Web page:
Who needs a Business Associate Agreement (BAA)? Who doesn’t?

A smooth running medical practice requires patient information to be used for many purposes. The information is critical for treatment of patients, payment for their services, and making sure the practice is operating as a successful business. In order to assure that patient information is protected there are laws in place to govern how the practice can use information and what is required of any vendor. A billing service for example requires protected health information in order to make sure services are properly being paid and processed. This cannot happen without a Business Associate Agreement to assure that the billing service is properly protecting the information in their care. We receive questions regarding asking who needs a Business Associate Agreement and who does not? The definitions have changed and there are resources to help guide the way.

What is a business associate agreement?

The January 25, 2013 Final Rule (aka HIPAA Omnibus Rule) modified the definition of a Business Associate. Here is the short version:

    A Business Associate is an entity who….creates, receives, maintains, or transmits protected health information, including claims processing or administration, data analysis, processing or administration, utilization review, quality assurance, patient safety activities, listed at 42 CRF 3.20, billing benefit management, practice management, and repricing or (ii) legal, actuarial, accounting, consulting, data aggregation (as defined in 164.501),management, administrative, accreditation, or financial services, where the provision of the service involves the disclosure of protected health information.

What about the Janitor? They will across paths with Protected Health Information. Does a Janitor need to have a Business Associate Agreement? The US Department of Health and Human Services (HHS) states the following:

    “Generally, janitorial services that clean the offices or facilities of a covered entity are not business associates because the work they perform for covered entities does not involve the use or disclosure of protected health information, and any disclosure of protected health information to janitorial personnel that occurs in the performance of their duties (such as may occur while emptying trash cans) is limited in nature, occurs as a by-product of their janitorial duties, and could not be reasonably prevented. Such disclosures are incidental and permitted by the HIPAA Privacy Rule. See 45 CFR 164.502(a)(1).”

What about a courier service? They will be delivering Protected Health Information. Does a courier or the Postal Service need to have a Business Associate Agreement? The US Department of Health and Human Services (HHS) provides the answer:

    No, the Privacy Rule does not require a covered entity to enter into business associate contracts with organizations, such as the US Postal Service, certain private couriers and their electronic equivalents that act merely as conduits for protected health information. A conduit transports information but does not access it other than on a random or infrequent basis as necessary for the performance of the transportation service or as required by law. Since no disclosure is intended by the covered entity, and the probability of exposure of any particular protected health information to a conduit is very small, a conduit is not a business associate of the covered entity.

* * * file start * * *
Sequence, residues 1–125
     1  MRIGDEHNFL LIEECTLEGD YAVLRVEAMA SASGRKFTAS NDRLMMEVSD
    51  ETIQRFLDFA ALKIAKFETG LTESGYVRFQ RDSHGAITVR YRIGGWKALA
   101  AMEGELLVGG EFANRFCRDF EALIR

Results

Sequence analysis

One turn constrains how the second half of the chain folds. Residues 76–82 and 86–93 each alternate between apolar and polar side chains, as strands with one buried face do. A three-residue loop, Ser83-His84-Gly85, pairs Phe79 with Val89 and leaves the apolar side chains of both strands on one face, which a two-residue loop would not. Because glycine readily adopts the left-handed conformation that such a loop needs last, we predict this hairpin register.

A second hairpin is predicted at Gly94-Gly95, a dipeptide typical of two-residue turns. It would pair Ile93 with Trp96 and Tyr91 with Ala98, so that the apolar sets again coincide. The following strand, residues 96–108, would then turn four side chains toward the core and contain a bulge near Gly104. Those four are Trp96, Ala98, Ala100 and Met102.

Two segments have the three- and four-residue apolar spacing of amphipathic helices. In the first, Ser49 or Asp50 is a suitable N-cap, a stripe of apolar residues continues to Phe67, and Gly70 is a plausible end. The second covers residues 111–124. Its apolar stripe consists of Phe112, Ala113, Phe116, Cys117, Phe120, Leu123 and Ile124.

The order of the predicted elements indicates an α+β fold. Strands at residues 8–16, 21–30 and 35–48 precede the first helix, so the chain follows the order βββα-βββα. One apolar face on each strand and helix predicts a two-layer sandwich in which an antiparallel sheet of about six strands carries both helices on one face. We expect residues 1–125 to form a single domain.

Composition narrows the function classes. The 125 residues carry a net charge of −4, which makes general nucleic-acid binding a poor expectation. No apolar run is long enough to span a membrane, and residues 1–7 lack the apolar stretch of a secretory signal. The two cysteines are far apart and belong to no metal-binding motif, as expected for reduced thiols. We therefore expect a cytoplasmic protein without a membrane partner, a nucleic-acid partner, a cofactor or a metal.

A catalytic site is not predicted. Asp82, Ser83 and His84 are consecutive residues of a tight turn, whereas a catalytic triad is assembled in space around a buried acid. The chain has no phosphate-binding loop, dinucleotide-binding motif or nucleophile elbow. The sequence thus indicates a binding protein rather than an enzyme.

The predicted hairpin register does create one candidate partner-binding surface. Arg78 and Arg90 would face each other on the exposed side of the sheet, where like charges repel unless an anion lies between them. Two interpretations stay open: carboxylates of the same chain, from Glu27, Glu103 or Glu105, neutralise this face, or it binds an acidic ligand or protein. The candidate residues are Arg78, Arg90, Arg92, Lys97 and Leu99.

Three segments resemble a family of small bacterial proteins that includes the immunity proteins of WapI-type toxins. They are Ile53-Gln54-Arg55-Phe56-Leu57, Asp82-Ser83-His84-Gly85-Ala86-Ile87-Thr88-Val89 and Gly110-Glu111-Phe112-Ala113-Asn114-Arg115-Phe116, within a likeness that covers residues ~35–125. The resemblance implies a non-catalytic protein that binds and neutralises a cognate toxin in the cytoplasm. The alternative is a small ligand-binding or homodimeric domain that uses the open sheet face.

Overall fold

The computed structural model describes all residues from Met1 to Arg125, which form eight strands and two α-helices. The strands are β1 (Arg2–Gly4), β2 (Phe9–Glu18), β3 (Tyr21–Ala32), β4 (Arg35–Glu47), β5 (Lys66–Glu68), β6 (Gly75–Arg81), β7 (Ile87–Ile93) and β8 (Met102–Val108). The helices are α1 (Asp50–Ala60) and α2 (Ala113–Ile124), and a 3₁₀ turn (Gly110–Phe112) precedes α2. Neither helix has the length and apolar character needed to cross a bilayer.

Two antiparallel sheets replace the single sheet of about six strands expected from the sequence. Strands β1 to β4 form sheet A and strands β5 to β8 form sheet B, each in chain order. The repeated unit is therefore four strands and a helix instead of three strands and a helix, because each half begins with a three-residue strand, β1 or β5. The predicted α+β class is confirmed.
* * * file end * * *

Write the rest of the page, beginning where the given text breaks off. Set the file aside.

What about a secure backup service? Should your backup provider be a business associate? We are not finding definitive guidance for this question but we do find a reasonable approach. If the data that is stored with the backup provider is encrypted in a compliant manner and the key is stored separately you may not need a Business Associate Agreement. There are backup providers and software providers that fully encrypt all data so even in providing their services they are unable to access or store data that could be accessed without your key. Here is the official guidance from (HHS) regarding encryption requirements that render Protected Health Information unusable.

      Protected health information (PHI) is rendered unusable, unreadable, or indecipherable to unauthorized individuals if one or more of the following applies:

Electronic PHI has been encrypted as specified in the HIPAA Security Rule by “the use of an algorithmic process to transform data into a form in which there is a low probability of assigning meaning without use of a confidential process or key” (45 CFR 164.304 definition of encryption) and such confidential process or key that might enable decryption has not been breached. To avoid a breach of the confidential process or key, these decryption tools should be stored on a device or at a location separate from the data they are used to encrypt or decrypt. The encryption processes identified below have been tested by the National Institute of Standards and Technology (NIST) and judged to meet this standard.
Valid encryption processes for data at rest are consistent with NIST Special Publication 800-111, Guide to Storage Encryption Technologies for End User Devices.1
Valid encryption processes for data in motion are those which comply, as appropriate, with NIST Special Publications 800-52, Guidelines for the Selection and Use of Transport Layer Security (TLS) Implementations; 800-77, Guide to IPsec VPNs; or 800-113, Guide to SSL VPNs, or others which are Federal Information Processing Standards (FIPS) 140-2 validated.

Medical Management is definitely a Business Associate and we take that responsibility seriously. We also help guide our clients in the ever changing world of HIPAA compliance.

Here is a link to publicly available HIPAA Compliance Resources:

Department of Health and Human Services – HIPAA for Professionals